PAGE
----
Philosophy and ScienceI am forewarned that this is a highly controversial subject. Your kindness in answering is greatly appreciated. There are some who think the history of philosophy is such...

Philosophy and Science

I am forewarned that this is a highly controversial subject. Your kindness in answering is greatly appreciated.

There are some who think the history of philosophy is such that it split with science but were once the same thing. Philosophy became associated with the rationalists, and science with empericism. I might hold a different view, and tend to think that we can look at philosophy in at least the Platonist tradition and the Aristotelean tradition on the other hand. I would take the rationalists to be associated with the former (Descartes, Kant?), and empericists like Hume with the other. I'd say that the latter is science, and that insofar as reason and logic are a part of science, philosophy in general is a science.

Do you agree with this characterization? Do you think philosophy and science are distinct?

 

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e-martin's profile pic

e-martin | College Teacher | (Level 1) Educator Emeritus

Posted on

Some people like to say that science is limited by what can be proven. Philosophy concerns that which cannot be proven. This distinction implies that much of string theory should be properly understood as philosophy as the scientific method (the ability to prove and disprove theory) is not applicable to string theory and some other areas of particle physics. 

Seen this way, science and philosophy can tackle the same subjects and the distinction is one of whether or not experiments are practicable regarding the subject. (The Higgs Boson, in this view, only recently went from being a subject of scientific philosophy to being a proper part of science, thanks to the Hadron Collider.)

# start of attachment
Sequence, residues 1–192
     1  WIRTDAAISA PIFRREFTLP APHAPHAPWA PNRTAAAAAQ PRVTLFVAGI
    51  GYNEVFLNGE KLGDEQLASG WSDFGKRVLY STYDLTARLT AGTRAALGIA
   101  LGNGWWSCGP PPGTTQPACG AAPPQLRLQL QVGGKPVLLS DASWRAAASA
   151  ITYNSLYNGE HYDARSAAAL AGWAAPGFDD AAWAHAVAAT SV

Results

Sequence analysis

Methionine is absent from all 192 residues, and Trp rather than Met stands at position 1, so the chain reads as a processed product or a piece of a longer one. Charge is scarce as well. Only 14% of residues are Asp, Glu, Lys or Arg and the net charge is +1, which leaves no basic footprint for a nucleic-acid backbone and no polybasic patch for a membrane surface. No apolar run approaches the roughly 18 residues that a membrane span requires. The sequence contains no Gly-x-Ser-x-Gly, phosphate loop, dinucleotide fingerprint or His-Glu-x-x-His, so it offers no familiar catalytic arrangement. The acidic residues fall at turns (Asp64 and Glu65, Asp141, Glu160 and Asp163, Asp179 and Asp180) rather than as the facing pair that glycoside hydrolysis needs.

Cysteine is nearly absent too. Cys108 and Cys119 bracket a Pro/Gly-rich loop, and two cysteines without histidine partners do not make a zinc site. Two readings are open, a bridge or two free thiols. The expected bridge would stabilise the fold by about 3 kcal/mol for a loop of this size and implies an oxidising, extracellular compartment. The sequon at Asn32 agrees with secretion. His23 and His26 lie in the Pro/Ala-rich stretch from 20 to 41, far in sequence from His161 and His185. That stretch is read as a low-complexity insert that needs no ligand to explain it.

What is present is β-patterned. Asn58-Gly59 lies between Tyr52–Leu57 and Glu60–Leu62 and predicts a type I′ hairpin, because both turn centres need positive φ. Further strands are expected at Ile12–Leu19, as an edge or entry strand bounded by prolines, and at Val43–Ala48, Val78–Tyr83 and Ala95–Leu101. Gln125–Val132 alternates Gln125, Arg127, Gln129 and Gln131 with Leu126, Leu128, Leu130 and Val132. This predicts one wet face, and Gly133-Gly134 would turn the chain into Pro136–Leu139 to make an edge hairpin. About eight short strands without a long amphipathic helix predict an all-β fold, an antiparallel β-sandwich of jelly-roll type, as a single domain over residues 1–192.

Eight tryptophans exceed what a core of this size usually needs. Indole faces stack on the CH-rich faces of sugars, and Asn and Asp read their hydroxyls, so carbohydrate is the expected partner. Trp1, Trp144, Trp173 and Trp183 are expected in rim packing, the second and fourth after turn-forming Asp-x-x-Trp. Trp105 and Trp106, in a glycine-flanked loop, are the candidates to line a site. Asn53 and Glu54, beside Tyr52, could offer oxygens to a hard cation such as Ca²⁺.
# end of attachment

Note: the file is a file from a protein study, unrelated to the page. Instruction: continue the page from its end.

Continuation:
You suggest that the application of reason and logic are the only necessary characteristics of a study to define it as scientific. To me, this seems like an Aristolelian view of science, which is what you are going for, right? That is workable. 

I'd offer a counter-argument though to this definition of science. Personally, I can't ascribe the same kind of empirical value to logic and reason as I can to scientific study that includes rigorous testing and experimentation. 

There is still great value to logical and rational consideration of ideas that cannot be tested. Some of those ideas might be "scientific" in nature, but the untested contemplation of these ideas does not necessarily constitute science. 

Generally, I would say that the study of philosophy belongs properly to the humanities. You make a good suggestion that we might separate types of philosophy into, effectively, non-scientific and scientific branches. That seems fine, but scientific philosophy, to me, is not identical with science.

 

 

litteacher8's profile pic

litteacher8 | High School Teacher | (Level 3) Distinguished Educator

Posted on

I think that our modern conception of both philosophy and science is very different than it was in the past.  At one point, early in our history, we basically had neither.  Then each developed.

discussion1984's profile pic

discussion1984 | (Level 1) Salutatorian

Posted on

That was interesting. I'm not sure I grasped all of that. But yes, I'd say in one sense we can separate philosophy into empericism and rationalism. But my point about rationalism being like science or a science is not that it's the only criteria for science, but simply that insofar as reason and logic are a part of science, that it is a type of science. There are others. I'm not sure I got the part about Aristotle, but I don't think he was a rationalist (which I thought was what you were suggesting). He did come up with the rules of logic, still used in mathematics (a type of science). But he was certainly an empiricist in many ways in the way he tried to make sense of matter and even everyday species he found in the rivers.

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